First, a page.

Even though you used 3200 and said if you had your other camera with you, you would have gone even higher, I would guess you wouldn't have pushed it as high as 25,600. But as you say it's always worth trying.
    Thanks for the example shots, very helpful.

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    Re: ISO question

    Richard,
    Many thanks for your reply.
    Again your explanation makes perfect sense to me and shows 'we'; Photographers should not be afraid to up the ISO to whatever is needed to capture the best shot possible.
    I just thought a setting such as 25,600 would be totally unacceptable to produce any picture worth keeping. Now I understand it depends on the circumstances and what I am happy to accept as the Photographer.
    Thank you for taking the time to reply.
    John

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    Re: ISO question

    Quote Originally Posted by JPS View Post
    I would like know what the more experienced members have to say on this subject.

    It is often thought, implied and sometimes even stated, (though not here at CiC), that the need for higher ISO, comes with "low light shooting": and then we immediately think of “night time” or “inside a dark room” or “inside a Church” etc.

    So I want to underscore the point of the value of High ISO to allow attaining the necessary shutter speed.

    I often shoot at ISO1600, in daytime, outside – and sometimes even at ISO3200 in the same conditions: consider Filed Hockey, in the afternoon on a cloudy day the light is at about EV = 11.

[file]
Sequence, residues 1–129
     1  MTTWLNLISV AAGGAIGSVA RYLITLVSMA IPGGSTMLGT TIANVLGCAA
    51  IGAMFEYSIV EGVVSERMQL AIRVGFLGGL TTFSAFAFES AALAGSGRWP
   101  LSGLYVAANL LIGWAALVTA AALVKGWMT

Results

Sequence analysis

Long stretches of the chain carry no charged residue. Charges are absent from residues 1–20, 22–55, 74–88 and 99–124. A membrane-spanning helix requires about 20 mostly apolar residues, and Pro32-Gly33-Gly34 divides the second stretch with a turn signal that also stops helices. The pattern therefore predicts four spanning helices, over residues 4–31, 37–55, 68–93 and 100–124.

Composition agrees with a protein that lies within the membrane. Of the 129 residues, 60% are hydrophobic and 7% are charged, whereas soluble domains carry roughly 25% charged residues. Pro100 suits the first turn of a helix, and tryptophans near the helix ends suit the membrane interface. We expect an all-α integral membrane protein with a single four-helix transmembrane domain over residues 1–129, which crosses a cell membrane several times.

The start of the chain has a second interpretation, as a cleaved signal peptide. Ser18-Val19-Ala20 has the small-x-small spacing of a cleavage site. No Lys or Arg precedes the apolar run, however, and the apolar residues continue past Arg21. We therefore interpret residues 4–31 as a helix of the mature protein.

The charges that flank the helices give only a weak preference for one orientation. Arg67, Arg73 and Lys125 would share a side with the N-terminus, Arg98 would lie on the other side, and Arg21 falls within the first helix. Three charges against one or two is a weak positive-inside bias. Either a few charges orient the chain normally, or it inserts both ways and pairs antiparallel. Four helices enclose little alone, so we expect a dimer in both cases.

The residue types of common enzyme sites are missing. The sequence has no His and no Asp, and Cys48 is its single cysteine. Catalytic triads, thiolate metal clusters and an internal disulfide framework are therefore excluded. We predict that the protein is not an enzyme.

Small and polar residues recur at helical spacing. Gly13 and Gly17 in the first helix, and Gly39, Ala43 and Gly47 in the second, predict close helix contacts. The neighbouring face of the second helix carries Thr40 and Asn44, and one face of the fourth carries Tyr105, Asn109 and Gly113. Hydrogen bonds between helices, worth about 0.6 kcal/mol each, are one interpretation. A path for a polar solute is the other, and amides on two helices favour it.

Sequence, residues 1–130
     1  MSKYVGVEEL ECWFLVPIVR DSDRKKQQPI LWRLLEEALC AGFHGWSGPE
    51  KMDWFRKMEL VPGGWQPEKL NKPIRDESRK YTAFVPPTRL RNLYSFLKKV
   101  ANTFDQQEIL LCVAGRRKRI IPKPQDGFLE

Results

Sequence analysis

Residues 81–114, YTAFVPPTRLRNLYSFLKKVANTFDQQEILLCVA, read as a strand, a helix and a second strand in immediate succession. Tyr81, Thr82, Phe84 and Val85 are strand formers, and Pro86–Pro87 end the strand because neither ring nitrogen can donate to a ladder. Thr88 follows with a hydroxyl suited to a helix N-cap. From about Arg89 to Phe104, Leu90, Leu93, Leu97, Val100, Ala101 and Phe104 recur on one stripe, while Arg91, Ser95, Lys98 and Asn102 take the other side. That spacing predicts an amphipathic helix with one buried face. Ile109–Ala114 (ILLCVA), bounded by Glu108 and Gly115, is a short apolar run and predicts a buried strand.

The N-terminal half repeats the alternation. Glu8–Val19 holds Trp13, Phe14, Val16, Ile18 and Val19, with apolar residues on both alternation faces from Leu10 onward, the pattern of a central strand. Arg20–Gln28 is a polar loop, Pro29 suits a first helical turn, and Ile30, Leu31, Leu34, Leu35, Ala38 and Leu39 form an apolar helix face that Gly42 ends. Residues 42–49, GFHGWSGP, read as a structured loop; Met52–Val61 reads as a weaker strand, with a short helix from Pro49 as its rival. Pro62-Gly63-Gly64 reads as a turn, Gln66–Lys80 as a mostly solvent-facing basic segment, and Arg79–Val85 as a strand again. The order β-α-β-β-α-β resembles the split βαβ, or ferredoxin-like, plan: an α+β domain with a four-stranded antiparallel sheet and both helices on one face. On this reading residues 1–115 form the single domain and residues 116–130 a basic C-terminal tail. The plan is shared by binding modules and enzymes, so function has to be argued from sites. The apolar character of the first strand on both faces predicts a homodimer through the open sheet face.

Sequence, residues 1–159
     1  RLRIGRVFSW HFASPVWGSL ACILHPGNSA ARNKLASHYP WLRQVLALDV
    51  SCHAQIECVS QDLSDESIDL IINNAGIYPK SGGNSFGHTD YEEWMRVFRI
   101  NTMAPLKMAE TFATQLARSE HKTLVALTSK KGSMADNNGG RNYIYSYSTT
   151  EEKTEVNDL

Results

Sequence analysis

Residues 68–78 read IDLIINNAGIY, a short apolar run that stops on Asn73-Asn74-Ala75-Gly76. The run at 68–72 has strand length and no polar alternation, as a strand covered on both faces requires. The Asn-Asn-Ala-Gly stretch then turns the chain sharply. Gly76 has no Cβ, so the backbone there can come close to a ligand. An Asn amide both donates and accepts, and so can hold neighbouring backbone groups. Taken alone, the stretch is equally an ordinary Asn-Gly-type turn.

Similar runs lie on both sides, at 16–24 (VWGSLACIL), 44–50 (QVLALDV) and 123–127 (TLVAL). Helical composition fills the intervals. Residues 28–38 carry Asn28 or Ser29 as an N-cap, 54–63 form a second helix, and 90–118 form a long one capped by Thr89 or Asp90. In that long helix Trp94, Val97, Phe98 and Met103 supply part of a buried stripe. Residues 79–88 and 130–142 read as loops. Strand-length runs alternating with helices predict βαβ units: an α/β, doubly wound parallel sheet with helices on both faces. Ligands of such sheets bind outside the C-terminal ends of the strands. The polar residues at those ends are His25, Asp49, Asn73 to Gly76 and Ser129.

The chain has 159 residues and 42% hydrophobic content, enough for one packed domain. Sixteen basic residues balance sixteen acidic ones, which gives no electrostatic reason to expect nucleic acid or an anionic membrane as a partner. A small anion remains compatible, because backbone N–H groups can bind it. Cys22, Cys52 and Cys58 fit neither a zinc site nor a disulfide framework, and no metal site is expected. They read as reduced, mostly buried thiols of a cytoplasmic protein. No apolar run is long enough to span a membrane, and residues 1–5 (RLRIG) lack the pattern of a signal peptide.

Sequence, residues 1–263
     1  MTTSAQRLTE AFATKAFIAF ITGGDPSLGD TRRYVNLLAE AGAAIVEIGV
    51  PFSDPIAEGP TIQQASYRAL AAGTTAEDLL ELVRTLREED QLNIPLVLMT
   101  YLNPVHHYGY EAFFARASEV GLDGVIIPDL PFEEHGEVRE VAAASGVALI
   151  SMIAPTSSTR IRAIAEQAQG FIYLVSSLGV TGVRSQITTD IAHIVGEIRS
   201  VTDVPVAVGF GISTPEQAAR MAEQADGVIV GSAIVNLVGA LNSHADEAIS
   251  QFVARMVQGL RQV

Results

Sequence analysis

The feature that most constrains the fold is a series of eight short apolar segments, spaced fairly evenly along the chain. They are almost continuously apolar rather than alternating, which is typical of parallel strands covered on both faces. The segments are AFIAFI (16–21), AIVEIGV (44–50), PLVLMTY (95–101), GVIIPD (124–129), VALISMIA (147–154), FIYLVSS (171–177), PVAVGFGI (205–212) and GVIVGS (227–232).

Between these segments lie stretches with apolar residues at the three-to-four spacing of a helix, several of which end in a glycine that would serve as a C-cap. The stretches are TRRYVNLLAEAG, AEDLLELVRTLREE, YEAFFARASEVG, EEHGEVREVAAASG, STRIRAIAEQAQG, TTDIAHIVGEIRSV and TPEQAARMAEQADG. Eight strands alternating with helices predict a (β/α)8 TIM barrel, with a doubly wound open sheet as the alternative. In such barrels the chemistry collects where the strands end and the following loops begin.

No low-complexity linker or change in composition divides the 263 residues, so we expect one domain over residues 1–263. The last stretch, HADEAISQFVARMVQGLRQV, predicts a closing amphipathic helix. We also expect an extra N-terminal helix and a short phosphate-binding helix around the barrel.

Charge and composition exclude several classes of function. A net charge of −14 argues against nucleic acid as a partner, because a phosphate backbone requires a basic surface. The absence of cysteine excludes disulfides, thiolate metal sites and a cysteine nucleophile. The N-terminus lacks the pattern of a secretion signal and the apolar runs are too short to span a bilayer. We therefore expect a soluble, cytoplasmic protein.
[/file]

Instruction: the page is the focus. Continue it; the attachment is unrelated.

- The fastest (longer) telephoto lenses are F/2.8
    - I need 1/1600s to freeze action at “State Level” competition.
    - Using F/4: I will be at 1/1600s

    Here's the kicker - If I am framing tight and in Landscape Orientation (i.e. just fitting in the frame a player standing) the DoF at F/4 is less than 4ft (about 1 meter) (for a 135 Format Camera).

    If I rotate the lens to Portrait Orientation and frame the shot just to fit in a player standing - I have about ONLY 1'6" DoF, (less than ˝ meter).

    So realistically, for most tight framing of sports shots (using a 135 Format Camera) F/4 is about the limit of Aperture we can use safely.


    If there are pockets of darker light, for example caused by the Grandstands, I sometimes need two more stops and then be at F/2.8 @ ISO3200.


    The same examples apply for any "winter" outdoor Field Sport.


    ***

    Quote Originally Posted by JPS View Post
    Can anyone tell me in what situation you would use a ISO setting of 25,600; which is possible if you extend the range on a Canon 5D Mkll?
    Another fact worth mentioning is:

    It is now relatively cheaper to buy a digital camera with high ISO performance than a telephoto lens as fast as F/2.8

    This fact then brings within the reach of many enthusiasts the capability to for example, shoot their kids playing winter sports or sports under lights at night time, with prosumer telephoto or telephoto zoom lenses; many having a maximum aperture of F/5.6.


    As another example, for the ‘super enthusiast’:

    A night-time soccer game could be managed without taking out a personal loan to buy the EF 400 F/2.8L MkII – by the Photographer using the EF 400/5.6L and the EOS5DMkII . . . using the fantastic IQ and response of that excellent lens and the good quality high end ISO capacity of the 5DMkII.

    WW

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    Re: ISO question

    Thanks Bill,
    A very informative post and answers my question perfectly.
    Kind regards
    John